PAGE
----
Nicole Valenta, 1969 - 2010
Best Practices Officer (Germany)
Nicole Valenta, a national of Germany, had a decade-long career with the UN, most recently as a Best Practices Officer for the UN Stabilization Mission in Haiti (MINUSTAH) for a year.
Nicole was raised in the small German town of Ransbach- Baumbach. She studied law at the Rheinische Friedrich- Wilhelms-Universität Bonn and as a legal trainee at the High Court of Berlin for two years.
In the mid-1990s, she relocated to the United States, enrolling at Golden Gate University in San Francisco and graduating with a Master’s in International Legal Studies. Her experience and credentials then earned her a post as legal advisor at the German, Italian and Swiss Consulates in San Francisco, and then at the German Embassy in Argentina.
Working for the UN remained a long-term ambition for Nicole, and she applied for an internship at the UN in New York which she undertook in the spring of 1999 within the Division for the Advancement of Women in the Department of Economic and Social Affairs (DESA). Colleagues there fondly remembered her as a conscientious worker.
In 2000, Nicole accepted a position as an Associate Programme Officer with the UN Institute for Training and Research (UNITAR) in Geneva. After two years, she transferred to the New York office in 2002, in the same role, where she was responsible for trainings related to international affairs and diplomacy.
Always eager to challenge herself further, Nicole took courses at New York University and began studying for the New York Bar Exam, passing on her first attempt. Her colleagues greatly admired her discipline and commitment towards advancing her studies while maintaining a demanding full-time job.
Nicole then applied for UN field positions, and consequently was first stationed in Kinshasa and later in Beni in Ituri in 2006 as a Human Rights Officer with the UN Organization Mission in the Democratic Republic of Congo (MONUC). It was in the DRC that she met her life partner and fiancé George Scheibner Mesas, also a UN staff member.
In 2007, Nicole moved to Haiti as a Conduct and Discipline Officer. In February 2009 she became Chief of the Best Practices Unit for MINUSTAH.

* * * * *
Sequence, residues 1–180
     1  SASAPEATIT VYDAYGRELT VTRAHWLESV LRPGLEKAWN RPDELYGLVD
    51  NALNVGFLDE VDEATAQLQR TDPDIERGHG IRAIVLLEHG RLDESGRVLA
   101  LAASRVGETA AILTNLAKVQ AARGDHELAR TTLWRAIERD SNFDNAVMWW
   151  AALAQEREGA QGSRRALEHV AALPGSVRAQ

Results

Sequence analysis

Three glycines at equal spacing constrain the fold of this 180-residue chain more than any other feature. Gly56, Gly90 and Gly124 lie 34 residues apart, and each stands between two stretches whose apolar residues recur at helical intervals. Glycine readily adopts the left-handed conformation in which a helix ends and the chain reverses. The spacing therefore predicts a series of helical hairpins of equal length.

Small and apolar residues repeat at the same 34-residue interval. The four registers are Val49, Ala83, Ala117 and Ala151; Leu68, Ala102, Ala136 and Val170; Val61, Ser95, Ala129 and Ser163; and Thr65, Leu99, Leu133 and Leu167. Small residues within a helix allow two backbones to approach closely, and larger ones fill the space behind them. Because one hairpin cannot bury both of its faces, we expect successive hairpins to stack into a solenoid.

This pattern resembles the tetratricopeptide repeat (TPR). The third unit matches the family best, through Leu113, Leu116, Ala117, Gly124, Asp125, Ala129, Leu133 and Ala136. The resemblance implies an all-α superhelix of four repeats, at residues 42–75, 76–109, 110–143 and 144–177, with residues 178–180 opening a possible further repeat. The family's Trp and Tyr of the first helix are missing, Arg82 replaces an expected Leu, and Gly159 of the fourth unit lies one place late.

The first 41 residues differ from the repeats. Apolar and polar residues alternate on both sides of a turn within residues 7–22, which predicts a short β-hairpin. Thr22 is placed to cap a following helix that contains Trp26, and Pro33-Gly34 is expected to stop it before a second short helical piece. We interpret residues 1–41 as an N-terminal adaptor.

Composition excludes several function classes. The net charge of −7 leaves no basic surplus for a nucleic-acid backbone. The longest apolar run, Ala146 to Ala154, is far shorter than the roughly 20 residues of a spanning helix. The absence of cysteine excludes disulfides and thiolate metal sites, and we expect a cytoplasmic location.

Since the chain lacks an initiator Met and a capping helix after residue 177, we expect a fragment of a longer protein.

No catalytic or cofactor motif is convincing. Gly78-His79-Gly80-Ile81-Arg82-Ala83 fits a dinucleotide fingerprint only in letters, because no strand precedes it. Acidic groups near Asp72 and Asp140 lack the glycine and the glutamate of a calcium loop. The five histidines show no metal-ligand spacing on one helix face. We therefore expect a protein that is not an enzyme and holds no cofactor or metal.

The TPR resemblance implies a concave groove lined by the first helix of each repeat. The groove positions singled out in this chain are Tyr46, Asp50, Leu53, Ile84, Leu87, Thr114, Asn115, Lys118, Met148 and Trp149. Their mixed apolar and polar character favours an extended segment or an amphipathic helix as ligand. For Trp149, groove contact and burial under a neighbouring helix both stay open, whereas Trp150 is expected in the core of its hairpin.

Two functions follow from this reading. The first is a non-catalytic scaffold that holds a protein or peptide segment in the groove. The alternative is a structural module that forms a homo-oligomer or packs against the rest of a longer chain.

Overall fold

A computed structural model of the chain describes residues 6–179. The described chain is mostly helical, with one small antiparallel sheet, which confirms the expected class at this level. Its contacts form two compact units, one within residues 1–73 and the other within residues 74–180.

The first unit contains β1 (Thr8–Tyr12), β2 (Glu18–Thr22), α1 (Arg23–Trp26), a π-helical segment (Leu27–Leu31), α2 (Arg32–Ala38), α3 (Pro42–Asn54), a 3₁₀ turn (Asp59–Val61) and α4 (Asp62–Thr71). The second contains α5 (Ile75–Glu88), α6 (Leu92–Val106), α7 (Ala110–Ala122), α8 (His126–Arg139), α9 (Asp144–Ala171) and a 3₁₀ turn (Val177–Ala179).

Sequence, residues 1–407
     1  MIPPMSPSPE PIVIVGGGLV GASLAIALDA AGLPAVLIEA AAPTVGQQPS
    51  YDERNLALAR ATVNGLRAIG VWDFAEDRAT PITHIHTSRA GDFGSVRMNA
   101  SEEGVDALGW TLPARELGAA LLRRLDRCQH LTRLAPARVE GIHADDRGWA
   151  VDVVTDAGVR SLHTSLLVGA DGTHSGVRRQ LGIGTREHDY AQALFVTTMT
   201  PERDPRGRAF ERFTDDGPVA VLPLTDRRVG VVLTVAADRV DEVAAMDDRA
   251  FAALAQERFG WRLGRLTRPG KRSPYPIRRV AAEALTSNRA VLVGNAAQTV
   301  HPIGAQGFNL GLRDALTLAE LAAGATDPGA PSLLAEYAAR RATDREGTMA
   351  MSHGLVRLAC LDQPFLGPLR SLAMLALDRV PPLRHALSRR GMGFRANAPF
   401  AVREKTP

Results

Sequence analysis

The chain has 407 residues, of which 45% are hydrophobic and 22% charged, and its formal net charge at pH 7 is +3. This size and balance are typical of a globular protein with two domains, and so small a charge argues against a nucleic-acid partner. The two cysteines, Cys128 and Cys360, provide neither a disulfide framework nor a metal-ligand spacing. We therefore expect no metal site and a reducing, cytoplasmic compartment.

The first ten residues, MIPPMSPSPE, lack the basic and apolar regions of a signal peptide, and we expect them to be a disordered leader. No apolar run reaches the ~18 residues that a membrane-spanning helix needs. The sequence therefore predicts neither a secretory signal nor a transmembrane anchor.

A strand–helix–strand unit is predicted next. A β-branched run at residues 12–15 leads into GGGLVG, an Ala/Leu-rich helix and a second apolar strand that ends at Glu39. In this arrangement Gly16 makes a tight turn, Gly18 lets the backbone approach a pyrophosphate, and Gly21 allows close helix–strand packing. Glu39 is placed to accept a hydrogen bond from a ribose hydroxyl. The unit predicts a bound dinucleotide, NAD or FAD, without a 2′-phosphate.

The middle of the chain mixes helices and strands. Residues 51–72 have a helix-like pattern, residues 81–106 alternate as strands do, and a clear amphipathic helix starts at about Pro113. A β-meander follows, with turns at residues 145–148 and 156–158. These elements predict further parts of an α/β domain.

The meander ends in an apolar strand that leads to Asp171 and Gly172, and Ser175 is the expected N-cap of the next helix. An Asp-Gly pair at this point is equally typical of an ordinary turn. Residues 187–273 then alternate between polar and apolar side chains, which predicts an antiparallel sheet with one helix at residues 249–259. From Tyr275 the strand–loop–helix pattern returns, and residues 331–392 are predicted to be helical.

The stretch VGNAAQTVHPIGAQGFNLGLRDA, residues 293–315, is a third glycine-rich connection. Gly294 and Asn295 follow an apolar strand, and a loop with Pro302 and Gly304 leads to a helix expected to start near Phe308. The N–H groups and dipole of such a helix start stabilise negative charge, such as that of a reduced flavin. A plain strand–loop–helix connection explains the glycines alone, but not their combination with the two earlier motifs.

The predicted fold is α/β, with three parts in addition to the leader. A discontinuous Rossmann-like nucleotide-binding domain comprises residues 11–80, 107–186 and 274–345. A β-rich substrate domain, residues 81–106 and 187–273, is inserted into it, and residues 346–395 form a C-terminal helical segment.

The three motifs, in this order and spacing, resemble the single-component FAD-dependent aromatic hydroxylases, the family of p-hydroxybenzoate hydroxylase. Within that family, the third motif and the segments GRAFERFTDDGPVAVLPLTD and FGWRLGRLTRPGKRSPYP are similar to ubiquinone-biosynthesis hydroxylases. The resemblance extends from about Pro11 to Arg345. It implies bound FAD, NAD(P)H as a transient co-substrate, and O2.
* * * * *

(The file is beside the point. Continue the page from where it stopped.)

Colleagues were quick to share their impressions of Nicole as “inspirational,” “generous with her time,” “intensely present,” “dedicated” and “a remarkable person,” who had a heartfelt impact on everyone whose path she crossed.
“Nicole had an amazing way to talk and listen to people and find a common language,” said a colleague, who noted that she was fluent in German, English, French and Spanish.
A generous and caring person, Nicole always found a way to surprise people with gifts. “Her kindness and creativity went to extraordinary lengths,” said a colleague.
With anecdotes of trips overseas to attend weddings, organizing personalized tours for friends visiting New York, and German-themed celebrations where everyone was invited, colleagues have endless tales of Nicole’s kindness. Other colleagues mentioned the gifts Nicole showered on them even when she was serving in hardship duty stations.
“Her memory will continue to inspire those fortunate enough to have known her,” said a colleague from Afghanistan.
“It feels as if our friendship was like an unfinished conversation,” said another colleague from Lebanon.
A memorial service was held on 6 February 2010 in Ransbach-Baumbach. Nicole’s parents, who had last seen her at Christmas a few weeks before the earthquake, spoke at the service of their daughter’s joy and passion.
Nicole is survived by her parents, her brother Marcel, and her fiancé George Scheibner Mesas who survived the earthquake.